Rory McIlroy believes the next three months will hold the key to his next ten years in golf – potentially turning “a great career into one of the greatest” in the history of the game.
The former World No 1 has had a difficult year on the course with injury, technical issues and a lack of form as he makes a return to the British Masters at Close House near Newcastle – on the tenth anniversary of his professional debut in the same event.
The former World No 1 is not dissatisfied with his lot from that first decade in the professional ranks – far from it – but he’s convinced that the best is yet to come.
“That has gone really quickly,” he pondered on returning to the event where, when he made his debut in 2007 at the Belfry, this week’s host Lee Westwood was the winner. “If someone had told me then you’re going to do what I’ve done in the first ten years, I would have been very happy…actually ecstatic, over the moon.
“But because of the experiences I’ve had in those ten years, the golfer that I’ve become, I feel in the next ten years I can be even better.
“So that’s why I think these next three months are going to be very important. They could give me the foundation to turn a great career into one of the greatest careers. That’s why I’m looking forward to this next spell.”
This next spell involves playing this event – on an invitation at short notice but to the delight of host Westwood and the North East England golfing public – the Dunhill Links next week with his Dad Gerry and then possibly not picking up a club until the end of November to finally rid himself of the troublesome rib problem that has plagued him since his opening event of the year in South Africa.
He won’t be entirely idle in that time, however. After a ten day break, he’s going for a “full health MOT type of thing” of tests to determine how he can look after himself better.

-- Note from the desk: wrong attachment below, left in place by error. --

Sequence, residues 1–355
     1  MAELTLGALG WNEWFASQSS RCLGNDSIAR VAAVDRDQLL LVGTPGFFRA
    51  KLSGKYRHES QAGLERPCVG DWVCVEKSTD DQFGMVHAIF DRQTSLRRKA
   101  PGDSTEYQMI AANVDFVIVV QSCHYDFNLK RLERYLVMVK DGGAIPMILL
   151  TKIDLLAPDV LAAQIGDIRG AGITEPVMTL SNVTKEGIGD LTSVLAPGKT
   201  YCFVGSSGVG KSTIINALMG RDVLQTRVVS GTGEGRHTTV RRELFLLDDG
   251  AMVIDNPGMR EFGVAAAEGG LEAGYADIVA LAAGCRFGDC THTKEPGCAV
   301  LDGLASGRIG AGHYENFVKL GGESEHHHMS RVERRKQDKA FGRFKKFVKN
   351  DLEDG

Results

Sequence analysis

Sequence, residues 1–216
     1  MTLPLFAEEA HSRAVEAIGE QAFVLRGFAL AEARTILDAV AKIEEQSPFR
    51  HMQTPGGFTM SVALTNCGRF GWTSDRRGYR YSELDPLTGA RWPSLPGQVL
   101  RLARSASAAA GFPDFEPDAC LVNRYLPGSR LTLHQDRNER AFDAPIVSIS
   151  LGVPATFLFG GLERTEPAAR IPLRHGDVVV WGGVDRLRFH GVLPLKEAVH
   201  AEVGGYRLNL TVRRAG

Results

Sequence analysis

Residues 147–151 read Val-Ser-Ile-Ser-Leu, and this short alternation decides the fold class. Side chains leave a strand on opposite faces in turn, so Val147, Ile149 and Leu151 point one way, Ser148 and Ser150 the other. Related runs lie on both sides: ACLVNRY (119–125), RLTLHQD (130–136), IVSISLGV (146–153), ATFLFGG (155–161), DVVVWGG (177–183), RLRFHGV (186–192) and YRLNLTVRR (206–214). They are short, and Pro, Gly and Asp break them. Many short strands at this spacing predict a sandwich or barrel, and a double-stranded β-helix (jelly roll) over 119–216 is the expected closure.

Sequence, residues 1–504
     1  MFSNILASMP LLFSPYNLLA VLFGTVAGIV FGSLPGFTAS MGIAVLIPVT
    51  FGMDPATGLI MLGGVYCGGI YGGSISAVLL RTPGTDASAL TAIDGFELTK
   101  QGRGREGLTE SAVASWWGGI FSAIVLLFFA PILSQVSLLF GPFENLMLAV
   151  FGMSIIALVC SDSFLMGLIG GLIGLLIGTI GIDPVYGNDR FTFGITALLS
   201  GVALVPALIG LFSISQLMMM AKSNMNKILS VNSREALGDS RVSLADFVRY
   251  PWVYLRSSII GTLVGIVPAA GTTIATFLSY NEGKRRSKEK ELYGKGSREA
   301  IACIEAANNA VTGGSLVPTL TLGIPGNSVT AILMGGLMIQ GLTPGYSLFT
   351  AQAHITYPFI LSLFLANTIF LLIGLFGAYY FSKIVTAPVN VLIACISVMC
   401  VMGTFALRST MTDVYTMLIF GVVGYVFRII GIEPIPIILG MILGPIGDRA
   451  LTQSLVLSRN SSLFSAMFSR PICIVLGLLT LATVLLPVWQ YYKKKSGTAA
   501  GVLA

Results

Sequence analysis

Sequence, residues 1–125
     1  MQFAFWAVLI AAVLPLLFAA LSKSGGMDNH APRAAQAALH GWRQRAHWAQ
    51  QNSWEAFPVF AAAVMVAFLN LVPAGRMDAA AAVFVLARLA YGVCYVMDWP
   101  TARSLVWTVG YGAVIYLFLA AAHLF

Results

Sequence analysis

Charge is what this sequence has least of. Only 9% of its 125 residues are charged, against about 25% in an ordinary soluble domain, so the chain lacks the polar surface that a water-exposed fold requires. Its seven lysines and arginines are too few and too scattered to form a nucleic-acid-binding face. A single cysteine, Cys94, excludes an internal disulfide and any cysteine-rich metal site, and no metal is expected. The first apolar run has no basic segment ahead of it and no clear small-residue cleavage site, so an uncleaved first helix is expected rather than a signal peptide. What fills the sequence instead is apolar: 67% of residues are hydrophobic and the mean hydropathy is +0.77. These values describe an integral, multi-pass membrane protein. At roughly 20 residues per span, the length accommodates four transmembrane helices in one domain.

“I feel I just haven’t had quite the energy levels and I just be a bit more disciplined,” he said, reeling off a list of “weaknesses” including red wine, dark chocolate, and burgers. “It’s delving a bit deeper to see where I can make `ins’. I would be the first to say my diet hasn’t been the best over this past year and a half.
“It’s not as if I’m an old man at 28, but I want to do everything I can to leave no stone unturned and be as prepared as I possibly can be going into any event.”
After the tests he’ll do mostly rehab work for four weeks before probably returning to practice in mid or late November, by which time the rib problem should have finally gone.
“Since I came back for the U.S. Open, I haven’t given myself that little more prolonged length of time to let it fully heal and let it feel 100 per cent,” he said.
“Just a four- to six-week break without really doing anything and really concentrating on rehab exercises and doing all that stuff, I’ll be fine.
“I actually don’t feel that far away. I feel better now than I did starting the FedExCup Playoffs, so that’s a good thing, and that hopefully bodes well for these next few weeks in terms of rehab.”
Once healed, he plans as busy a year in 2018 than he’s scheduled for his entire career.
“I think the Ryder Cup might be my 26th event of next year, but I’m looking to play more than I’ve done since my rookie year,” he said. “I might cut it down the year after that by next year, I’m motivated.
“I feel like I’ve missed out this year. I’ve got a wife who loves to travel, we don’t have kids yet, it’s perfect. I want to play a lot and take advantage of that while I can.”
This week and next, however, there are no expectations, even though he faces a blank in the win column for 2017.
“I feel like I’ve highlighted areas I’ve needed to work on anyway,” he continued. “If I play well these next two weeks, that’s just a bonus, basically.
“Hopefully I can show something these next two weeks and play okay, then go into my off-season knowing what I need to work on and being excited about getting into the process, coming out next year and playing better than I have this year.”